Four walls and a roof make a home. And in its various forms throughout history, this has been our way of addressing one of the most fundamental human needs: shelter.
Yet we all know that our living spaces are more than a place to rest. They create environments where we entertain guests and family. Excess space can be used for storage or additional revenue generation by taking on boarders.
The home is an extension of ourselves, and we modify it as we see fit. That could mean improved functionality, as when you replace the blinds in a conservatory with an energy-efficient alternative such as window film. Or it could be a simple act of redecorating and repainting the walls of your room.
These constant upgrades are typically made based on our gut or sometimes responding to an urgent need. Sometimes, they turn out to be sensible in the long term, but they can also prove costly mistakes homeowners regret.
Thinking like a developer
A better understanding of the concept of residential satisfaction can help us to make wiser decisions in matters pertaining to the home.
When a developer plans to upgrade a neighborhood or build one in a new location, they are interested in the psychological factors that make people happy with living situations. Those same factors, if not satisfied, tend to drive us to seek out better circumstances elsewhere.
Housing is a product. If you buy an existing home, the design must match your needs. If you’ve got the resources to build one from scratch, you need to be fully aware of all those needs to end up with something truly satisfying.
When the attributes of your home align with things you value, everything seems to work perfectly. But every household has its unique determinants of satisfaction, and they may change over the years.
Many homeowners obsess about the number, type, and placement of various elements. Do you have enough bedrooms and bathrooms for everyone? Is the living room south-facing to maximize daylight? Is there sufficient insulation in the walls and roof for the cold months?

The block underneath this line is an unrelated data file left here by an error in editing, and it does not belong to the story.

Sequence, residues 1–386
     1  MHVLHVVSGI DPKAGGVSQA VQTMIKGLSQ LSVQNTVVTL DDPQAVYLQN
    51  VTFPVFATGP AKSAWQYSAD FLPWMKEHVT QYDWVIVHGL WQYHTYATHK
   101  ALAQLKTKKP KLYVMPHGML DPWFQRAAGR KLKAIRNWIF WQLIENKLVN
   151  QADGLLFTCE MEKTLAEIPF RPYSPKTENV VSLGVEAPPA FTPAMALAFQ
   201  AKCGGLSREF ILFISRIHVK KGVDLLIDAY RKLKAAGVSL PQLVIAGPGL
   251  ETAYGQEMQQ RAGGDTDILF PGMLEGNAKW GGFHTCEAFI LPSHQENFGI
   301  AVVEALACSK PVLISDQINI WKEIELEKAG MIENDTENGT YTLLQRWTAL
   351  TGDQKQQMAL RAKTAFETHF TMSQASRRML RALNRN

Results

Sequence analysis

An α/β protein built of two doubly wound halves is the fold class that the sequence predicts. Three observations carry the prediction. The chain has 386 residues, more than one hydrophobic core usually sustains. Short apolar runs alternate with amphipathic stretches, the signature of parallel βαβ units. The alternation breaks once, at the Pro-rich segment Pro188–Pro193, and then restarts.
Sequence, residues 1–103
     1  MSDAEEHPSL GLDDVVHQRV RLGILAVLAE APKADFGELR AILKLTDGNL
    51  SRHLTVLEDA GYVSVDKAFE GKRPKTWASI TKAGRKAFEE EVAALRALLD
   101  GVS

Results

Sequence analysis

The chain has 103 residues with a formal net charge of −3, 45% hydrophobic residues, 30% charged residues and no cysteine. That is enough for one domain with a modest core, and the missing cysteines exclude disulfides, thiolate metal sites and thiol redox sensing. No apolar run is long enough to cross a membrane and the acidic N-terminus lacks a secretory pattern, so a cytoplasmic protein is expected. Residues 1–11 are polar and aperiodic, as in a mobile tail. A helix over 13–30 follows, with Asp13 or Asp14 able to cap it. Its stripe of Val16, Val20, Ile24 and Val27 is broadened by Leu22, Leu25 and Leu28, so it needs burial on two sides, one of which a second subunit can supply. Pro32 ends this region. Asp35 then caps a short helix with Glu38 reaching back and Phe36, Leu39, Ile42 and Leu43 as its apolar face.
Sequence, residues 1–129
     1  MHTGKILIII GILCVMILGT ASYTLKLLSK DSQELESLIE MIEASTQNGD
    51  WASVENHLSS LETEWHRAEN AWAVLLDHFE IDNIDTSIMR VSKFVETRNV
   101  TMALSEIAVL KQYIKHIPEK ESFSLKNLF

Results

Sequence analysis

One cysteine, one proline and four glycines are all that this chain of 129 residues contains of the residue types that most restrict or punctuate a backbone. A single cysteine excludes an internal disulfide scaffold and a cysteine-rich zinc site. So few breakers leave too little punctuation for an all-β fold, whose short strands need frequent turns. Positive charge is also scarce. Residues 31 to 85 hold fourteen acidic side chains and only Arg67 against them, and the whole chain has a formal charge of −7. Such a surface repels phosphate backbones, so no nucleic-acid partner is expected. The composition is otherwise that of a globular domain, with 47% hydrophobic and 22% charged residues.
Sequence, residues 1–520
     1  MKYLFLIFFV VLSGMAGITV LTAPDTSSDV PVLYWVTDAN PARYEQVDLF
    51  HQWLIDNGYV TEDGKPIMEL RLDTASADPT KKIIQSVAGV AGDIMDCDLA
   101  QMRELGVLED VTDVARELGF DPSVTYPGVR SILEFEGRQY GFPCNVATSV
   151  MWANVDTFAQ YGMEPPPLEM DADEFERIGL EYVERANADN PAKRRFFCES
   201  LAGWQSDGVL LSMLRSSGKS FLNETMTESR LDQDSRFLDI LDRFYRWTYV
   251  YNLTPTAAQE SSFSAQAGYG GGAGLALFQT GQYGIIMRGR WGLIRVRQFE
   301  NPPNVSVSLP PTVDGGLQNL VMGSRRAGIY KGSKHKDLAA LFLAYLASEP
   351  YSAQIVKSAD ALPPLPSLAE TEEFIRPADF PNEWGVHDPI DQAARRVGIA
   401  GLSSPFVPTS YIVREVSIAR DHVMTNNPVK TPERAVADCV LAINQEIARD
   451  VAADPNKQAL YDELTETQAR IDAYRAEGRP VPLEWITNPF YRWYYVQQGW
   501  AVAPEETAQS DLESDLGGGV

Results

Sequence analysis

For others, though, environmental factors may hold more weight. We can grow emotionally attached to places. Sometimes, we fall into the trap of comparing our homes to others in the neighborhood.
Achieving true living satisfaction
Residential satisfaction is well-studied by industry professionals. It’s not just limited to developers but also real estate agents, interior designers, and urban planners. Their jobs depend on understanding and forecasting how various demographics value and respond to different aspects of housing.
Yet the households in question are relatively oblivious to this field of study. We act on impulse, making upgrades based on what’s trending. Or we adopt a reactive mindset and only address maintenance issues as they crop up, using whatever solutions are expedient.
We might have long-held plans of redesigning our homes without necessarily taking into account all the reasons why we’re not satisfied with their current state.
Taking only certain factors into consideration locks many homeowners into a cycle of home improvements that fail to address the root concerns. And if we never truly meet our deepest needs, our daily lives may play out in an environment that negatively affects our well-being.
The alternative is to expand our knowledge of the big picture. Like professionals, we can improve our grasp of all the factors that can make us feel delighted with our homes.
Facing big decisions
No one likes having to deal with additional cognitive burdens and complicated decisions. But the truth is that times to come are only more likely to question our assumptions and bring our values into perspective.
Amid a crisis like the Covid-19 pandemic, we’ve seen many knee-jerk responses on the part of homeowners. Some have used their resources to carve out dedicated home offices or convert their basements into fitness centers. But are those going to figure prominently into your future needs, or are they just another form of riding current trends?
The bigger global concern of climate change will create more severe and frequent disruptions in many areas. In response, our homes need to be built with greater durability, ideally even smaller. Some of us might want to relocate altogether.
Those are major decisions, and you can only hope to get them right with a deep understanding of your unique determinants of residential satisfaction. Build it up over the days and years of living, observe your current situation, and make only the changes that truly matter in the long term.